I recognize her thinking. I’ve done this myself. One reason painkillers were a solution in the beginning was that they helped me sleep. I’d get to the end of the day and I couldn’t face getting into bed without knowing I’d get at least six uninterrupted hours. Of course, once massive tolerance builds, the solution goes out the window. In the end, I couldn’t fall asleep until 2 a.m.

Immediately after detox, my desperation for sleep soared to heights I’d never before imagined. When I jumped off Suboxone three years ago, I went to greath lengths to guarantee a good night’s sleep. I exercised every day, I stayed away from caffeine, I meditated. But I didn’t surrender. Instead I tried other external stuff: Valerian; Lyrica (an anticonvulsant also approved for fibromyalgia); Neurontin (an anticonvulsant also prescribed for chronic pain); antihistamines; melatonin.

I still take a small dose of Neurontin each day, for pain. The amount I take doesn’t help me sleep. And when it comes to sleep, for half the month, I’m screwed. I’m 46. My hormones are constantly shifting. I know my hormones are on the downswing the day my breasts start to hurt, and usually that night I’ll wake up at 3:30, and every night thereafter I’ll wake at 3:30, until my cycle starts.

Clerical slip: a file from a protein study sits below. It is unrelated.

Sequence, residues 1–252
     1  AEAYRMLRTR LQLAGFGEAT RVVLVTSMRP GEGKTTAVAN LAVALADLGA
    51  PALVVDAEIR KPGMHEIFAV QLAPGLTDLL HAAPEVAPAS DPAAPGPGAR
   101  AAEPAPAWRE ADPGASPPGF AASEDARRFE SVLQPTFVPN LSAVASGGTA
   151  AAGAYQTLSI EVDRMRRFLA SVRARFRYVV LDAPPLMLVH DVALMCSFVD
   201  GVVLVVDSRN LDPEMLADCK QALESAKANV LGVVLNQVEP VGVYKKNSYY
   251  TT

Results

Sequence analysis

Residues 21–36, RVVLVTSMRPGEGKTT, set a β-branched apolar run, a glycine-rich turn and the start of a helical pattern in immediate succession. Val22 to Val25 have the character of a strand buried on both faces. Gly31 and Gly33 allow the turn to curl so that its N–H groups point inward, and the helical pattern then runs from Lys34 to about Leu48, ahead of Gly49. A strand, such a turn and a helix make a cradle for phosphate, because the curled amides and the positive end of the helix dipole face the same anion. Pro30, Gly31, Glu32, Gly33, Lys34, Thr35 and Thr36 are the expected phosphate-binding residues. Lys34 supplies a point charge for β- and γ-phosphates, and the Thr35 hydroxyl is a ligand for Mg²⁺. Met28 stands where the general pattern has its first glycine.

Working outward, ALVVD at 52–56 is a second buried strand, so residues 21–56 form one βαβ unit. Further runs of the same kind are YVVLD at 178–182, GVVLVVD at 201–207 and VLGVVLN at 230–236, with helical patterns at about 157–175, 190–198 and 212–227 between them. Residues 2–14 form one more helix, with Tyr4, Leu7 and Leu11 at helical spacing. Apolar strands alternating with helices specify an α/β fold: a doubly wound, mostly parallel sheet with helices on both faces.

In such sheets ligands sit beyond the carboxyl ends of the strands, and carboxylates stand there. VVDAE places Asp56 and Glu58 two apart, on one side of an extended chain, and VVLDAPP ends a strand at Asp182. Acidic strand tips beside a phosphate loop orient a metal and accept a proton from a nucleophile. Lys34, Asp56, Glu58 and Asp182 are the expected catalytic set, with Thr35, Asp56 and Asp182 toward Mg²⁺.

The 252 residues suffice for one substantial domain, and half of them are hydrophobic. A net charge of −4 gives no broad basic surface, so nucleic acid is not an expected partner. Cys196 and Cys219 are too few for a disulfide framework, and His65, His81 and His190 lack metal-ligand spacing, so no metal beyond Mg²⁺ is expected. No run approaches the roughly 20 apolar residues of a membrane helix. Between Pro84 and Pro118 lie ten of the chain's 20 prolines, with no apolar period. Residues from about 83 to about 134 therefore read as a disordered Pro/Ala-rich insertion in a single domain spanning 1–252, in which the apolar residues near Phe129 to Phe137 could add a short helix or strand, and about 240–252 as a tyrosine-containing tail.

In the beginning of the month I can wake for five minutes and get back to sleep. But not last night.

Last night when I woke I tried my mental gratitude list trick, and when that didn’t work I began to feel frustration, panic, a desire to control the problem.

“Part of it is brain-chemistry,” my friend had said.

I couldn’t agree more. When my estrogen levels are rising, I sleep well. When they fall, I wake up at 3-fucking-30.

Does this mean I have to take a drug?